Date of Degree
PhD (Doctor of Philosophy)
Educational Policy and Leadership Studies
Alan B. Henkin
For decades, higher education institutions have been increasingly reliant upon part-time faculty. As the role of part-time faculty in colleges and universities has evolved and gained prominence, it is increasingly important to gain a deeper understanding of their perceptions of job involvement considered as potential predictor of turnover and absenteeism.
There are very few studies focusing on part-time faculty. Available research tends to be concerned with inequality in terms of income, benefits, working conditions, and opportunities for career advancement compared to full-time faculty, while perceptions of how distributive justice among part-time faculty members might be associated with their perceived levels of job involvement remain comparatively neglected. This study focused on exploring relationships between job involvement and other job-related variables, including perceived levels of distributive justice; whether or not part-time work status was voluntary or involuntary, or the position was primary or non-primary. Perceived levels of overqualified underemployment and perception of empowerment were also considered.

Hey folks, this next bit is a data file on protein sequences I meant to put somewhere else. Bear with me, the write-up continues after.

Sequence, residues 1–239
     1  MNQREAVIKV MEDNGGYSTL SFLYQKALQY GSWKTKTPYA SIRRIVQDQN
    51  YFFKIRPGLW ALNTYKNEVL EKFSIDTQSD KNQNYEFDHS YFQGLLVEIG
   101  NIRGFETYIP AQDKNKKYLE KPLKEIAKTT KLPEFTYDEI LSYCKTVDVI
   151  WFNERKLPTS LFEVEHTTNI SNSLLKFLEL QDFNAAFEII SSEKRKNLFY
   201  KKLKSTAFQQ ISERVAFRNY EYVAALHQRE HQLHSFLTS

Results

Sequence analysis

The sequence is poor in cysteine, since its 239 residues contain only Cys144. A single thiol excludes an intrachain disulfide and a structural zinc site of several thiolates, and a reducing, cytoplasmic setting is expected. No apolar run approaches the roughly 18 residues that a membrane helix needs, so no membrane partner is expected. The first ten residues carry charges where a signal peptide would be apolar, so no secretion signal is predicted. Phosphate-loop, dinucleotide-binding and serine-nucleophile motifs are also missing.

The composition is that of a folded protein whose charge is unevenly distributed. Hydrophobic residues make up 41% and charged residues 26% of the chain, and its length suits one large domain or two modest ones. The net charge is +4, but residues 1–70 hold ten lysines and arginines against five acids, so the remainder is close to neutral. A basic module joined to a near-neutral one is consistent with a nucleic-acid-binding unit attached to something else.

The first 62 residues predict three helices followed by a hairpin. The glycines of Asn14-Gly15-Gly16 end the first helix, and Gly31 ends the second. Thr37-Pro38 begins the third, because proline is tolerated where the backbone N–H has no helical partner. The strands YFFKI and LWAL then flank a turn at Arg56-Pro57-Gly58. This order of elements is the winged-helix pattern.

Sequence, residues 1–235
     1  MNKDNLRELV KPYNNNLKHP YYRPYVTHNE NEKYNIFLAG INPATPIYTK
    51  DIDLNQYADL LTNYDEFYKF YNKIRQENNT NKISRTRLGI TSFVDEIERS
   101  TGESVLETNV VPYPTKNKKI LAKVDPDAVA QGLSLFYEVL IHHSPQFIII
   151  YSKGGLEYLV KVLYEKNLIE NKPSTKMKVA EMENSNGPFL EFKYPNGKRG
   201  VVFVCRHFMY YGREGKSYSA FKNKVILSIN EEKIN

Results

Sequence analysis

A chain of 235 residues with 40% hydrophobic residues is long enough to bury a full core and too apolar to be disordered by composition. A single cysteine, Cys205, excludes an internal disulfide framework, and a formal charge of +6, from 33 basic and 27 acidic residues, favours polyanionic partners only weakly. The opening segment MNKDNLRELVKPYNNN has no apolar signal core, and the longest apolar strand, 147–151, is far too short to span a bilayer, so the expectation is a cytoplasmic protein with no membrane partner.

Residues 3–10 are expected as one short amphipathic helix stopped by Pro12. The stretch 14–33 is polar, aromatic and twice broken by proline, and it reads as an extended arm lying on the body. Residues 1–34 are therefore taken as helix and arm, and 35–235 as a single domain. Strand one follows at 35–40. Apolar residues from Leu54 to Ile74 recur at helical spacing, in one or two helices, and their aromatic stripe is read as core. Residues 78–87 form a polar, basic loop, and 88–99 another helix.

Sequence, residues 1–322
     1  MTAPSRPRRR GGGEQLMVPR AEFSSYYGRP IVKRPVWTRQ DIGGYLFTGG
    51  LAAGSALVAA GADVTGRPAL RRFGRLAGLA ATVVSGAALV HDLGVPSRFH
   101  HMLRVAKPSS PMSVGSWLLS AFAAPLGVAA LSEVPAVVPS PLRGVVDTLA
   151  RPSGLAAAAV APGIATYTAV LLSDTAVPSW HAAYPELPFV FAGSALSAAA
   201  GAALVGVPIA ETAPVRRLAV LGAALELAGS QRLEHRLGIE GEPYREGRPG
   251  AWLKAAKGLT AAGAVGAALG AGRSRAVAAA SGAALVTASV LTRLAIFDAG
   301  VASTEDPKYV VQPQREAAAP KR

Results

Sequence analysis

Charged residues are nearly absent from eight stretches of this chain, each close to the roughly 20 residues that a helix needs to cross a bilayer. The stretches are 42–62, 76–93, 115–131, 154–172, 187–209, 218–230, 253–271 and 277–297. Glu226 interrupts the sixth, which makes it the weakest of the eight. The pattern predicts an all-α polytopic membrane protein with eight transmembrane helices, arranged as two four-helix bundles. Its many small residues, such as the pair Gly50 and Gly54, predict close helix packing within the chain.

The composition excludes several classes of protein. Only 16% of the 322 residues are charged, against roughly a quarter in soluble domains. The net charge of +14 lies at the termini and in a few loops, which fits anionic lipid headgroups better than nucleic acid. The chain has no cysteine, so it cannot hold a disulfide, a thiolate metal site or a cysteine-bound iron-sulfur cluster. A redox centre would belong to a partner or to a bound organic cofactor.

The study population was drawn from an existing database. The target population of the study was 165 part-time faculty members in the continuing education field at higher education institutions in the United States. OLS regression, ANOVA, and path analysis were utilized to explore the relationships between job involvement and the other job-related variables among part-time faculty in the study.
The analyses revealed that whether or not part-time work was voluntary, and the position was primary or non-primary did not significantly influence levels of job involvement. Furthermore, perceived distributive justice did not affect part-time faculty job involvement significantly. Levels of perceived distributive justice among part-time faculty members only influenced job involvement through empowerment. Empowering part-time faculty appears to be an essential element in efforts to enhance perceived levels of job involvement among part-time faculty.
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